# Cross-product technique to find the eigenspaces of a 3x3 matrix

1) For each distinct real eigenvalue $\lambda$ of a 3x3 matrix $A$, it turns out that the cross product of the transpose of any two linearly independent rows of $A-\lambda I$ gives a corresponding eigenvector (and thus easily the corresponding eigenspace, since in this case the eigenspace is an eigenline). But why does this method work?

2) I think the above may be generalisable to any 3x3 matrix with only real eigenvalues: Substitute an eigenvalue of $A$ into $A-\lambda I$. Then take the cross products of the transpose of any two pairs of rows of $A-\lambda I$. Only two possibilities exist: (a) If only one is nonzero, that gives a corresponding eigenvector and hence easily the eigenspace. (b) If both are zero, then the eigenspace is the plane orthogonal to any row of $A-\lambda I$. Is this generalisation valid, and if so, why does the method work?

3) How about for the final case whereby 2 complex eigenvalues exist??

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Have you tried looking at the case where $\mathbf A$ is a triangular matrix? –  Ｊ. Ｍ. Aug 4 '12 at 16:46
@J.M. Yes, it works too (I just considered the diagonal matrix with entries 1,2,3). –  Ryan Aug 4 '12 at 17:00
I was hinting you to look at the case of a general triangular matrix, since a matrix with distinct real eigenvalues is similar to a triangular matrix... –  Ｊ. Ｍ. Aug 4 '12 at 17:01

If $x$ is an eigen vector with corresponding eigen value $\lambda$, then $(A - \lambda I)x = 0$, and so $x$ lies in the null space of $A - \lambda I$. Since the null space is perpendicular to the subspace spanned by any two rows of $A - \lambda I$, the cross product will give you this vector.

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Thank you! Corrections for precision: not "any two rows of A−λI", but any two linearly independent rows of A−λI. Also the eigenvalue needs to be distinct or else its eigenspace will be a plane, in which case our cross-product technique will fail. –  Ryan Aug 6 '12 at 8:55
So, to answer my own Question 1 (guided by your hint): the two essential points as to why the technique works are: (i) $λ$ has multiplicity 1, and (ii) $Nul(A−λi)$ is orthogonal to $Row(A−λi)$. –  Ryan Aug 6 '12 at 8:55

It doesn't seem correct to me:

Take $$A= \begin{bmatrix} 0 & 1 & 0 \\ 0 & 0 & 1 \\ -6 & 5 & 2 \end{bmatrix} = \begin{bmatrix} a_1^T \\ a_2^T \\ a_3^T \end{bmatrix}.$$ $A$ has real eigenvalues $\{-2,1,3\}$. $a_1 \times a_2 = (1, 0, 0)^T$, but $A (a_1 \times a_2) = (0,0,-6)^T$, which is clearly not an eigenvector.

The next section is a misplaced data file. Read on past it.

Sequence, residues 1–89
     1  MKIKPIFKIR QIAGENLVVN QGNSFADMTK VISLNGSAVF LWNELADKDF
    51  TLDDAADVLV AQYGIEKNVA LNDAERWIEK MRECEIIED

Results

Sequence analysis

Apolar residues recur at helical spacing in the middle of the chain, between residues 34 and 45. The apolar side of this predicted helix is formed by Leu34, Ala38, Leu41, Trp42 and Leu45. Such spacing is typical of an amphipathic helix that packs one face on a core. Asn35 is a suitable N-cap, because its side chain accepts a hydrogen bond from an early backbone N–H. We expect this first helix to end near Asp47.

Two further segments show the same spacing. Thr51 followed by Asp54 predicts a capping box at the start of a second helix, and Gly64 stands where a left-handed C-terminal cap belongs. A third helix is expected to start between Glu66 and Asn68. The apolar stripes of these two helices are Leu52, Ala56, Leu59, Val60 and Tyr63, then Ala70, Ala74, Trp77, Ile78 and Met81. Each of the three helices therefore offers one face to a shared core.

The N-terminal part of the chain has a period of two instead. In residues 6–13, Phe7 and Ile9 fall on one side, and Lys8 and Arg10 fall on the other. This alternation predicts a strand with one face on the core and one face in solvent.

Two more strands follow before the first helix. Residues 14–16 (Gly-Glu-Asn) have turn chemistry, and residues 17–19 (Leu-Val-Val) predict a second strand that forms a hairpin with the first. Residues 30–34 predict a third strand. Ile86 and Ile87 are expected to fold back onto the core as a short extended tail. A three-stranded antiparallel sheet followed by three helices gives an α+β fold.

It is not a left eigenvector either, $(a_1 \times a_2)^T A = (0,1,0)^T$.

Here is the answer to the modified question:

Let $B = A-\lambda I = \begin{bmatrix} b_1^T \\ b_2^T \\ b_3^T \end{bmatrix}$, where $\lambda$ is an eigenvalue of $A$ and suppose $b_1,b_2$ are linearly independent. Since $\det B =0$, we have $b_3 \in \mathbb{sp} \{b_1,b_2\}$. The vector $b_1 \times b_2$ is orthogonal to $b_1,b_2$, and hence $b_3$ since it is in $\mathbb{sp} \{b_1,b_2\}$. Consequently $B (b_1 \times b_2) = 0$, or equivalently, $(A-\lambda I)(b_1 \times b_2) = 0$, from which the answer follows.

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Sorry I made a silly mistake. I meant to say to take the two LI rows from $A-\lambda I$ instead. Please refer to the edited question. –  Ryan Aug 4 '12 at 16:39
Hey thanks for your answer. I'm almost getting it-- can you elaborate on the "consequently" bit in your answer? I mean, how does B(b1×b2)=0 follow from b1×b2 being orthogonal to b3? Sorry for being daft. –  Ryan Aug 4 '12 at 17:41
$B (b_1 \times b_2) = \begin{bmatrix} b_1^T (b_1 \times b_2) \\ b_2^T (b_1 \times b_2) \\ b_3^T (b_1 \times b_2)\end{bmatrix}$. The properties of the cross product gives $b_1^T (b_1 \times b_2) = b_2^T (b_1 \times b_2) = 0$, and since $b_3 = \mathbb{sp} \{b_1, b_2 \}$, you can write $b_3 = \alpha b_1 + \beta b_2$, so $b_3^T (b_1 \times b_2) = (\alpha b_1 + \beta b_2)^T (b_1 \times b_2) = \alpha b_1^T (b_1 \times b_2) + \beta b_2^T (b_1 \times b_2) = 0$. –  copper.hat Aug 4 '12 at 17:44
Cheers! Btw, is cross-product meaningful when there are complex entries in the column vectors? –  Ryan Aug 4 '12 at 17:57
Yes, it is still meaningful. –  copper.hat Aug 4 '12 at 18:59
Now that you have corrected your question, it is a special case of the standard relation for the adjoint matrix, sometimes called the adjunct matrix or other names. Anyway, beginning with some $n$ by $n$ matrix $B,$ we calculate certain $n-1$ by $n-1$ subdeterminants called cofactors and throw in a transpose and some judicious $\pm 1$ factors to create a matrix $\mbox{adj} \; B$ with the property $$B \;\cdot \mbox{adj} \; B = \mbox{adj} \; B \cdot B = (\det B) \cdot I.$$ If we insert your $$B = A - \lambda I$$ where $\lambda$ is an eigenvalue of $A,$ we have $\det B = 0.$ Your construction with the cross product amounts to taking any column of $$\mbox{adj} \, (A - \lambda I),$$ since $$(A - \lambda I) \cdot \mbox{adj} \, (A - \lambda I) = 0.$$
EDIT: note that the field containing the entries of $A$ and/or the eigenvalues does not matter much. Furthermore the relation to cross product is the well-known description of the cross product as cofactors, that is three 2 by 2 determinants.
Sorry I made a silly mistake. I meant to say to take the two LI rows from $A−λI$ instead. Please refer to the edited question. –  Ryan Aug 4 '12 at 16:40